EACR Travel Fellowships are co-sponsored by Worldwide Cancer Research and provide funds up to €3,000 to early-career cancer researchers. For more information on how to apply for Travel Fellowships, you can visit the EACR website.
Home institute and country: Biodonostia Research Institute, Gipuzkoa, Spain
Host institute and country: ICR London, UK
Dates of visit: 01 March 2018 – 06 June 2018
I am focused on dissecting the interactions between tumours and the surrounding microenvironment to understand how both compartments communicate with each other to promote breast cancer progression. This knowledge will allow us to develop targeted therapies against these specific interactions and hopefully improve patients lives.
How did you hear about EACR Travel Fellowships / why did you decide to apply?
I was told by a colleague that the EACR has Travel Fellowships to offer. I have decided to apply because without financial help I could not have done this collaborative project abroad.
Why did you choose the host lab?
I came across their work at a conference in Greece and I became quite interested in their lab. I thought that their skills and knowledge would help to move my project forward. Besides this, I really liked their approach to science, the project they had running in the lab and their willingness to collaborate.
Can you summarise the research you did or what you learned on your visit?
The host lab specialises in cancer associated fibroblasts (CAFS) and their interactions with tumour cells. This has allowed me to develop great background knowledge in this field, which is beneficial because I am interested in studying the interactions between tumours and the microenvironment. During the visit, I learnt different technical skills used in this field to study several aspects of CAFS biology, such as 3D co-cultures with cancer cells and contractility assays to measure fibroblasts activation. I was able to master these techniques and apply them to my line of research. Apart from this, I have also learnt how to sort and analyse FACS in order to isolate each cell compartment of the tumour and study each one individually. Overall, it was a quite successful 3 months with lots of results and new ideas to explore.
Describe a ‘typical day’ on your visit.
I would come to the lab in the morning, have a look at my cells in culture to make sure everything was ready for the experiments. I would set up all materials to perform the experiments programmed for the day and sometimes consult with people in the lab to make sure I had everything I needed. I would perform the technique during the day, which could be a simple RNA extraction, qPCR, tissue culture etc, or a new/more complicated technique like FACS sorting. In that case, someone from the lab would supervise me to make sure that everything was going smoothly.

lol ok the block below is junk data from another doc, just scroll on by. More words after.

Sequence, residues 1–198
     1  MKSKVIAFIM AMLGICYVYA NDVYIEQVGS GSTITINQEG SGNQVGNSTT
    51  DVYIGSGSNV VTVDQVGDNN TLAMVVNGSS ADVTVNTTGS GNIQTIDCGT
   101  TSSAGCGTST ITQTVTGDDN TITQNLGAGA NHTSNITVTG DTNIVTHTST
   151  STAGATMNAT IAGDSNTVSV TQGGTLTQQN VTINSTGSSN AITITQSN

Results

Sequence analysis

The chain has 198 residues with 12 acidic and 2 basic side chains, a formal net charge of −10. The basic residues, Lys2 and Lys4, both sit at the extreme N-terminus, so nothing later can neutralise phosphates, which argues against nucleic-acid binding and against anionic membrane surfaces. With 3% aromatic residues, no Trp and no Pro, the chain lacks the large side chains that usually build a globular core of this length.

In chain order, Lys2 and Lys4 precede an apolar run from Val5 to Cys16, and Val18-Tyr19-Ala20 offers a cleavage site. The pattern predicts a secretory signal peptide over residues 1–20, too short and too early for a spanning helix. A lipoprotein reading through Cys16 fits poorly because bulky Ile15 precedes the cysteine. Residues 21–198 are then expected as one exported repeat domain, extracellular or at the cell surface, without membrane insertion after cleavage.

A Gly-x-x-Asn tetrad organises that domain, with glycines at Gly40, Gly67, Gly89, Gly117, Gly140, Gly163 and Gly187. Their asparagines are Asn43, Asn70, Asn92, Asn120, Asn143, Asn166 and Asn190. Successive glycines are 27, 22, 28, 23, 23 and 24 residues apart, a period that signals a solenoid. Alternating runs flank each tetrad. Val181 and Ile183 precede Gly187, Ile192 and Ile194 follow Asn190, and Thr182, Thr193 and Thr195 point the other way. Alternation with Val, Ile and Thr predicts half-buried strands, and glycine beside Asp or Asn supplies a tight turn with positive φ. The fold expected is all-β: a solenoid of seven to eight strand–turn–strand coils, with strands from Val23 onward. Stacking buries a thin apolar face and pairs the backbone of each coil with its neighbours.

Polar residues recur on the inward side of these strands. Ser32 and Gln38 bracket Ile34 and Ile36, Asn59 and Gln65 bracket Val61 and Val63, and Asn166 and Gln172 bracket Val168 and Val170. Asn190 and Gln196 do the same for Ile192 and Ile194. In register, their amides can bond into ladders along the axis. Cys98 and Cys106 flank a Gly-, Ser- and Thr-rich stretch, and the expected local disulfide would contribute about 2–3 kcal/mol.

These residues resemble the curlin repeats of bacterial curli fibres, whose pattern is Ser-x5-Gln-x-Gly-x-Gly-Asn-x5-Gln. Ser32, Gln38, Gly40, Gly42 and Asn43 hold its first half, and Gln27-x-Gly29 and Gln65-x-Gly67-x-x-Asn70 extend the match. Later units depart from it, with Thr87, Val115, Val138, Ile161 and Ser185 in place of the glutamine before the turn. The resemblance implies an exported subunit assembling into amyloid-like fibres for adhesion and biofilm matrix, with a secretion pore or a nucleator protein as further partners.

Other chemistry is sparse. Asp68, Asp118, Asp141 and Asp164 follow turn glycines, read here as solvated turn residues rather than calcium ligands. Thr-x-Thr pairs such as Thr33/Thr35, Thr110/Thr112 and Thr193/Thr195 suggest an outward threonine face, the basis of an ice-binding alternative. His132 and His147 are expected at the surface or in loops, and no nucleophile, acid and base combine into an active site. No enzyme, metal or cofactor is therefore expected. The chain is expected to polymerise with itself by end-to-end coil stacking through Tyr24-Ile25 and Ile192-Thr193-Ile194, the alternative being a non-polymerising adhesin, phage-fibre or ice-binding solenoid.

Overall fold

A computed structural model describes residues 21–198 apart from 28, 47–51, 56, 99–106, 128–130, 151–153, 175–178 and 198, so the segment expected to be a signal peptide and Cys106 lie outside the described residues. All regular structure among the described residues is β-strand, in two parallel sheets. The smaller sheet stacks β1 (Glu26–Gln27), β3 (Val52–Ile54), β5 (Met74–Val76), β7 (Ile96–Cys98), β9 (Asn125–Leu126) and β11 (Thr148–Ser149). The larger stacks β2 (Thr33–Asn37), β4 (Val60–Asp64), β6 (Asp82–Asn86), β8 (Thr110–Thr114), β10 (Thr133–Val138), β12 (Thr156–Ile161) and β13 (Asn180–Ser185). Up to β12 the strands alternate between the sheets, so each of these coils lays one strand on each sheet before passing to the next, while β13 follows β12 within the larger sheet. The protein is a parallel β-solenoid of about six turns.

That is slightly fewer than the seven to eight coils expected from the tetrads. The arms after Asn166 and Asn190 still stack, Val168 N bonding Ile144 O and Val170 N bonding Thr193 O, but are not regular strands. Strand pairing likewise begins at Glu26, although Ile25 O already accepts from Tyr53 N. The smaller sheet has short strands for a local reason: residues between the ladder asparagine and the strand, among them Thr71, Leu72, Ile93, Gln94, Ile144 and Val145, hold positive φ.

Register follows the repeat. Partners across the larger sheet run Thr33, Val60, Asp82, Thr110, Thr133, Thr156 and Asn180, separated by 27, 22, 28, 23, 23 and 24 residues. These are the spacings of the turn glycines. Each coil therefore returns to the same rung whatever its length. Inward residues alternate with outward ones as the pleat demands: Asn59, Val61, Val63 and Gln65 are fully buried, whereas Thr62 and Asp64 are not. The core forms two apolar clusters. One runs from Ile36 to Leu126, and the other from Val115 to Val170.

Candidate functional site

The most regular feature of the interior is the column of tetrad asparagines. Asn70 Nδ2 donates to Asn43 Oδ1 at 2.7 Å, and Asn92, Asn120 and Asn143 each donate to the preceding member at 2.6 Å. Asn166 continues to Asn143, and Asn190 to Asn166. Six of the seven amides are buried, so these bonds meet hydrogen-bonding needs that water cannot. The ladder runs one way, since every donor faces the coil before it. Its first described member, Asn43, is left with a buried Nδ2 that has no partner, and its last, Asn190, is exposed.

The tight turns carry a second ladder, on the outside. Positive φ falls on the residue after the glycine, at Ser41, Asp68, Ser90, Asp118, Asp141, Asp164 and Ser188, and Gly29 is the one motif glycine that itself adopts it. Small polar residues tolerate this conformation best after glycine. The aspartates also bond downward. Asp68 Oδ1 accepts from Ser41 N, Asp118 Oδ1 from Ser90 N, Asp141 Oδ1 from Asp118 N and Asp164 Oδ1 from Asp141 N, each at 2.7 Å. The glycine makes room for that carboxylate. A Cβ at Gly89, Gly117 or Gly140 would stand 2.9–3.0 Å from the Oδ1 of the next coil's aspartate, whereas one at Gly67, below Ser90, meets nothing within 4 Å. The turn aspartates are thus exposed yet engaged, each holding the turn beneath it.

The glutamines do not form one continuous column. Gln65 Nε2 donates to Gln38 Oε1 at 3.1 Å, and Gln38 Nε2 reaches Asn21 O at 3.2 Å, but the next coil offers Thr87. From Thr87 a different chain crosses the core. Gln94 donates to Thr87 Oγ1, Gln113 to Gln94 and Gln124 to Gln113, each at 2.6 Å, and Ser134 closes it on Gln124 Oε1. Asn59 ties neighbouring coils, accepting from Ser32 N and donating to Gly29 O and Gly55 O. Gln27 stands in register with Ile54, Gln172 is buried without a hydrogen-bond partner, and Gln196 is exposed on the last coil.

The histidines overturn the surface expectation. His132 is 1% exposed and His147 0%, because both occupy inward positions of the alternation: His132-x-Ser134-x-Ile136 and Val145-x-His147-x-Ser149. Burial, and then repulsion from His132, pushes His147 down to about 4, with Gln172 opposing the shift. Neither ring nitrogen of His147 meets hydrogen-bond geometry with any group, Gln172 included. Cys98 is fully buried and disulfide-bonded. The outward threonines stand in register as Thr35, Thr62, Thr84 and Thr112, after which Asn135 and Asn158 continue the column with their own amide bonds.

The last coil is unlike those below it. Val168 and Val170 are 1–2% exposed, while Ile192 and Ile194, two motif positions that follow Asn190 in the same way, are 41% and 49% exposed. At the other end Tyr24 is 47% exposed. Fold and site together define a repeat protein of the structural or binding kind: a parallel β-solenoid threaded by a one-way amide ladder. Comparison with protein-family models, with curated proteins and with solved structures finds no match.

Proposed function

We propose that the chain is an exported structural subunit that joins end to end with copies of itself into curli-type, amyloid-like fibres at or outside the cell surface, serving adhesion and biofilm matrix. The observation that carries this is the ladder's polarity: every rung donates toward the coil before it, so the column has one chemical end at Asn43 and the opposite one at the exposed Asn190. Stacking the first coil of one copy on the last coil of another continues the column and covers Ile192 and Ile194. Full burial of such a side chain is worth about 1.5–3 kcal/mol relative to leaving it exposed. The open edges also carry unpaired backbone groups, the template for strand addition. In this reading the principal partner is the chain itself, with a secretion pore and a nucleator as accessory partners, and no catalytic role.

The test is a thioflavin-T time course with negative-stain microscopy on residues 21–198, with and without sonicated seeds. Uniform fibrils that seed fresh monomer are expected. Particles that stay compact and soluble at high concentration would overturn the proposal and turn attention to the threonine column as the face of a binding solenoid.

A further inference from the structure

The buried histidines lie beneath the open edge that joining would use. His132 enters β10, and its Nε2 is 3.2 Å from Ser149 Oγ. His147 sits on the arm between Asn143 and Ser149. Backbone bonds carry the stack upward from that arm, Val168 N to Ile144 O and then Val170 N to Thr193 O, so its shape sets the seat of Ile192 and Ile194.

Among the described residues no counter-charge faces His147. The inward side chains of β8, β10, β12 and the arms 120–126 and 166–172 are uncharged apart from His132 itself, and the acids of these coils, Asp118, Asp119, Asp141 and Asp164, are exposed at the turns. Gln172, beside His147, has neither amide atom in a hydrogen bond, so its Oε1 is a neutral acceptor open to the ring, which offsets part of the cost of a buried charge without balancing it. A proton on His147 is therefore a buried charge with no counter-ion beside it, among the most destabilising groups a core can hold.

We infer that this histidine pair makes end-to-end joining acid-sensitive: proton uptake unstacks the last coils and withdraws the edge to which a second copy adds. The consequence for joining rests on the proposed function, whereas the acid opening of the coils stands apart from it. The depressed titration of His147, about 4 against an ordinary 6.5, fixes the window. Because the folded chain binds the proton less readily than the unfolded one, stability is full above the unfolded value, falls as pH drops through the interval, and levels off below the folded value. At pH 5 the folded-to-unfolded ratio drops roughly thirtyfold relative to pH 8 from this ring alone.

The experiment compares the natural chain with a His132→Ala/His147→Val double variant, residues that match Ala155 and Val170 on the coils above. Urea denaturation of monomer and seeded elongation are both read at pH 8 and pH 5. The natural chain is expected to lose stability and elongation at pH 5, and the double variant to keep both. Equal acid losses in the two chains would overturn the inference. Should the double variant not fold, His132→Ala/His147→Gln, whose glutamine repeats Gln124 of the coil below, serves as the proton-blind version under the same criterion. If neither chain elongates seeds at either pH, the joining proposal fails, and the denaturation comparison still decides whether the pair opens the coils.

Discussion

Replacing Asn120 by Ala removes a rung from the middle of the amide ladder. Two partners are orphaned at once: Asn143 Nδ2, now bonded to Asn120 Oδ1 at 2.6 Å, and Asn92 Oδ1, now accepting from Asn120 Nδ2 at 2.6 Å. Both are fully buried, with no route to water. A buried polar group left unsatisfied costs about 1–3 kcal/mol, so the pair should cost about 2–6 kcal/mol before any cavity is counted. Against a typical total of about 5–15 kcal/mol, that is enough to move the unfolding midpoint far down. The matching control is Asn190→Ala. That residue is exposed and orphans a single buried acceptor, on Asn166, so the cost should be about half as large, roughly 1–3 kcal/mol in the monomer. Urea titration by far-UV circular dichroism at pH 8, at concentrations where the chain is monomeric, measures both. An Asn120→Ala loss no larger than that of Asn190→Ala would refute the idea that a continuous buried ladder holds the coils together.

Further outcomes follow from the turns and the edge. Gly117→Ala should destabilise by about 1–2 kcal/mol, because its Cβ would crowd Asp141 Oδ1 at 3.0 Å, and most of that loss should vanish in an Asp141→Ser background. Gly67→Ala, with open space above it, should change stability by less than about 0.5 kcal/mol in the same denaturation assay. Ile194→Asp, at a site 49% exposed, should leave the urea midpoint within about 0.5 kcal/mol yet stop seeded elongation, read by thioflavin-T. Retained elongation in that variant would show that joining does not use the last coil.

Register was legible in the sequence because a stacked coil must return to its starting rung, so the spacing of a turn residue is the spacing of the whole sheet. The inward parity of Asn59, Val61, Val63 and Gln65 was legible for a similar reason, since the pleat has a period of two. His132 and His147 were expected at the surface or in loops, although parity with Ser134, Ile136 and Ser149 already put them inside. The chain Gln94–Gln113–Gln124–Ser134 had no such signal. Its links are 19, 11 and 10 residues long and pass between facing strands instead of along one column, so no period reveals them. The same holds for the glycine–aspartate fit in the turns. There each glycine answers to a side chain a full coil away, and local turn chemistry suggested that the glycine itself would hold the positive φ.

What were you able to do that you could not have achieved in your home lab?
I managed to do FACS sorting of several models of breast tumours that I could not have done in my home lab because we lack the facilities and the specialised staff.
Did you take part in any interesting local/cultural activities?
I visited every possible museum London that has to offer, sometimes more than once! I went to two concerts in the O2 Arena with some friends and I went on a day trip to Cambridge to visit the colleges and went punting.
What was a personal highlight of your trip?
I think the opportunity to make new friends and connect with people from different backgrounds was definitely what I appreciated the most in this experience. The host institution is much bigger in terms of scientific staff and facilities and I particularly enjoyed the friendly atmosphere amongst everyone.
Did you have a personal mentor or anyone who particularly helped you?
Everyone in the lab helped at some point in many ways. Some people helped me with the techniques and others by giving me advice on what to do. In particular, I worked more closely with the lab manager, Marjan Iravani, and with a PhD student, Liam Jerkins who helped me a lot with setting up the FACS experiment and analysing it. They are both kind and very bright people.
How has the trip inspired you in your research?
It was the first time I was doing such an ambitious experiment in such limited time. I was lucky that it worked first time and I was able to get results. This has helped me to build my self-confidence and I am now not reluctant to try new things.
Have you brought back any specific knowledge that has benefited your home lab?
Yes, contractility assays to check fibroblasts activation and FACS analysis to study different cell populations within the tumour.
Does your lab plan to do any future collaboration with the host lab?
Yes, the results I have obtained in the host institution are relevant for our work back home and we plan to do a joint publication.
How has this visit been beneficial to your research and your career?
This visit allowed me to gain solid background knowledge in tumour microenvironments, to develop skills that will help me in my future research and to build a network of collaborations that certainly are beneficial for my future career.